Ishiguro, Kazuo. The Buried Giant. New York, NY: Vintage International, 2015. Print.

Unexpected Resolution

This book is not what I expected! Not in a particularly good or bad way, but in a random-thoughts-translated-as-random-interwoven-plots kinda way, with each different conflict finishing in a subtle and unexpected fashion.

I guess I should explain. There’s a few conflicts within Ishiguro’s book, which I’ll list below:

  1. The married couple, Axl and Beatrice, were supposed to visit their son.
  2. There was a vicious dragon that warrior Winstan was supposed to kill.
  3. There was a vicious dragon that knight Gawain was also supposed to kill—no idea why the two men couldn’t help each other.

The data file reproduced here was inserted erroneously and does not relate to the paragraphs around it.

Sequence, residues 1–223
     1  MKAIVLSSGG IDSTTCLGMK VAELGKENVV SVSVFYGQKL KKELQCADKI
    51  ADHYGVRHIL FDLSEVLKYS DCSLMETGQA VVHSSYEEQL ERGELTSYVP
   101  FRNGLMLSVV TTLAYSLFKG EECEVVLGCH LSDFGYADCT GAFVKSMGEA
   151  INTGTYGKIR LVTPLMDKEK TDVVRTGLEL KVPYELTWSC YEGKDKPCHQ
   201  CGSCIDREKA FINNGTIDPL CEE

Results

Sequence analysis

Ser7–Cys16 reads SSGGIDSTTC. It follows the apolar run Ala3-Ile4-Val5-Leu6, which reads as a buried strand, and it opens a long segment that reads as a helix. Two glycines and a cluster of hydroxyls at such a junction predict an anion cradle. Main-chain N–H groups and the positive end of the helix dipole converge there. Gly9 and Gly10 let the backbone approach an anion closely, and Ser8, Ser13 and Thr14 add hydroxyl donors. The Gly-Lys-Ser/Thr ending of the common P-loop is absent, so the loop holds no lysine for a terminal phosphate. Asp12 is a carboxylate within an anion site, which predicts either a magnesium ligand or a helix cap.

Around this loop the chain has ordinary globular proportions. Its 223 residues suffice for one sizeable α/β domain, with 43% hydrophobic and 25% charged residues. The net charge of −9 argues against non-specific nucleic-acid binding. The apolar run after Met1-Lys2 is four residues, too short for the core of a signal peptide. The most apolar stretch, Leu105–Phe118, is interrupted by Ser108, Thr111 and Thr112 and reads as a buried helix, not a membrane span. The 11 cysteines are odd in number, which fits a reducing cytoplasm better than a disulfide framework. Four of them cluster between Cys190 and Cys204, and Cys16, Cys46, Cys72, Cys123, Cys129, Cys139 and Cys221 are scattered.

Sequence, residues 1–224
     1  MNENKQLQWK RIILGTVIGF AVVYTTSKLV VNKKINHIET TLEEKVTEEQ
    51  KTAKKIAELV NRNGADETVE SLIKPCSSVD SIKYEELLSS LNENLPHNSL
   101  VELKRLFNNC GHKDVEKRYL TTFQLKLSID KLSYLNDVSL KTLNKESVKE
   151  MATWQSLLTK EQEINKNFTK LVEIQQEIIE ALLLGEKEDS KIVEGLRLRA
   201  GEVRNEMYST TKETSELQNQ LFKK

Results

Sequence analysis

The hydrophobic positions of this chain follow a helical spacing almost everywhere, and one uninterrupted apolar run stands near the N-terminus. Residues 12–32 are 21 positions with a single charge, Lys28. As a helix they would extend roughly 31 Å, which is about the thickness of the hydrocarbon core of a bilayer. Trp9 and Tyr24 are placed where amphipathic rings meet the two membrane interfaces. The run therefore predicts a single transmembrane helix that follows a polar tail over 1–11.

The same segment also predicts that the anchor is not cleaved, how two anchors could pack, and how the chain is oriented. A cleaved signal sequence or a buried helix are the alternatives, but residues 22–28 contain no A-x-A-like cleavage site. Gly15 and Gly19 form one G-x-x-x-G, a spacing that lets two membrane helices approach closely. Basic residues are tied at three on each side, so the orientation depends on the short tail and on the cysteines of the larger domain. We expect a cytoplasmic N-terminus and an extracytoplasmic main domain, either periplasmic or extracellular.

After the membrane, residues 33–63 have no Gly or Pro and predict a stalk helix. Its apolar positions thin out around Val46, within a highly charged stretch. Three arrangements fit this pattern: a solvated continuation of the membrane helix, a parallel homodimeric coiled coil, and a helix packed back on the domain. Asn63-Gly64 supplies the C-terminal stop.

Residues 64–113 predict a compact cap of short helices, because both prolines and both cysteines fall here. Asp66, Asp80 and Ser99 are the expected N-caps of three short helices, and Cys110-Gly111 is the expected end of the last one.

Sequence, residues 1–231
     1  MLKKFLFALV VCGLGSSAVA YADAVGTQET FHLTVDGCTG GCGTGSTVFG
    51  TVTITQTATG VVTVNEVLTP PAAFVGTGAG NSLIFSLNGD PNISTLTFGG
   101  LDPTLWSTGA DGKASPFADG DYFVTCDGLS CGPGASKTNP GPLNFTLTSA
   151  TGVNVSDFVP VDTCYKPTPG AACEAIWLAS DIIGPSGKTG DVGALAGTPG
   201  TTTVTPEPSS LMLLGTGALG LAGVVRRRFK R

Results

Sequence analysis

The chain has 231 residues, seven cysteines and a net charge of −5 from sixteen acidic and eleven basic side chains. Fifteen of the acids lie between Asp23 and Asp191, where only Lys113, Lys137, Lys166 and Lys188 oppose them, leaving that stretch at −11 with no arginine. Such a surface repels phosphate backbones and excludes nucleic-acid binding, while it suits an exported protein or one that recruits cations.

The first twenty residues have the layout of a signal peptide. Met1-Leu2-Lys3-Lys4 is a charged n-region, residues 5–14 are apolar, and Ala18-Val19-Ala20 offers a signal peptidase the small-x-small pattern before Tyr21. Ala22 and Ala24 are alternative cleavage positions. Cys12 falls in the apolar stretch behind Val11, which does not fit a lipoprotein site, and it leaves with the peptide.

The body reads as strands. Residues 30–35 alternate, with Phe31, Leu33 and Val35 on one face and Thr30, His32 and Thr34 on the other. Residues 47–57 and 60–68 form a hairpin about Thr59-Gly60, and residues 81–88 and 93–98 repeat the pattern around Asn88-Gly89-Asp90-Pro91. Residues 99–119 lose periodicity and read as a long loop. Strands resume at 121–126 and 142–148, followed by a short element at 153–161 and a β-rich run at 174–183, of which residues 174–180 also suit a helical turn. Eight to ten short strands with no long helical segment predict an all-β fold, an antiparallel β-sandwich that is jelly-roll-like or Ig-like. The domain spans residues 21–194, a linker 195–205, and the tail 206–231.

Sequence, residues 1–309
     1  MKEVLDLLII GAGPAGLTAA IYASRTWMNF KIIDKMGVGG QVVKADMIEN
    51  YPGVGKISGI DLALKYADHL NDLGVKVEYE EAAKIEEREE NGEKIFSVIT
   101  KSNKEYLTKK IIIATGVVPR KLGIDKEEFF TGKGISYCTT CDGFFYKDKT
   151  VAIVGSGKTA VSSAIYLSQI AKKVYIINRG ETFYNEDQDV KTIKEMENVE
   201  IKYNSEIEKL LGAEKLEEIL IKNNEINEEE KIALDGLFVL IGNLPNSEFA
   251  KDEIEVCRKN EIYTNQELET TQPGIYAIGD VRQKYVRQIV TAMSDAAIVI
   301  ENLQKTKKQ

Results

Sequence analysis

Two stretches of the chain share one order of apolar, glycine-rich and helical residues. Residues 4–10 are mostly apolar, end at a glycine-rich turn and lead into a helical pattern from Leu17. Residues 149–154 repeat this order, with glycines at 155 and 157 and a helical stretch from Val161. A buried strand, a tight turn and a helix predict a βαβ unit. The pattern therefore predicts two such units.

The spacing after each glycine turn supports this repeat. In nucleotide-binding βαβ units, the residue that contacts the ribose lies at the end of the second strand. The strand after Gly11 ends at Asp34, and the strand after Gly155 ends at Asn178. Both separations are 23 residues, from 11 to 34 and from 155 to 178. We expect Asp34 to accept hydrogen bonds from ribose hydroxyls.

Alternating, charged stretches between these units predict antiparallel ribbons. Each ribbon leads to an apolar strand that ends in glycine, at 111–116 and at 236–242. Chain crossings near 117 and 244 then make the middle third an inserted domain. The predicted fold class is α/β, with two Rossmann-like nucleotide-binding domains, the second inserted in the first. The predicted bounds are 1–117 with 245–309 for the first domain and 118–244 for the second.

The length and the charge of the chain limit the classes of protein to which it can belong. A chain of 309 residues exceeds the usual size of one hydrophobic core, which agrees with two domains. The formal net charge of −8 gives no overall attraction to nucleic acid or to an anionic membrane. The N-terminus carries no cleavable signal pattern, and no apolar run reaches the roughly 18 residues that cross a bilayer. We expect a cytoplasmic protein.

4. Everyone kept recognizing husband Axl, no idea why—I secretly thought he was King Arthur lost among the people after the forgetful fog.
  5. There was the boy Edwin, whom was bit by some secret animal—I kept wondering if he was going to turn into a werewolf.

Any of those align with your expectations? No?

What do you expect to happen?

Now compare that to what actually happens:

  1. The married couple remember by the end of the book that their son had died earlier, and now they could only visit his grave, meaning all their travel was for nothing.
  2. Winstan killed the “vicious” dragon, who was actually really old and was going to die soon anyways, and he didn’t kill out out of the goodness of his heart (being that the dragon’s breath created a mist that made people forget) but because he wanted people to remember their vengeance in order to create disorder and chaos before the Saxons invade.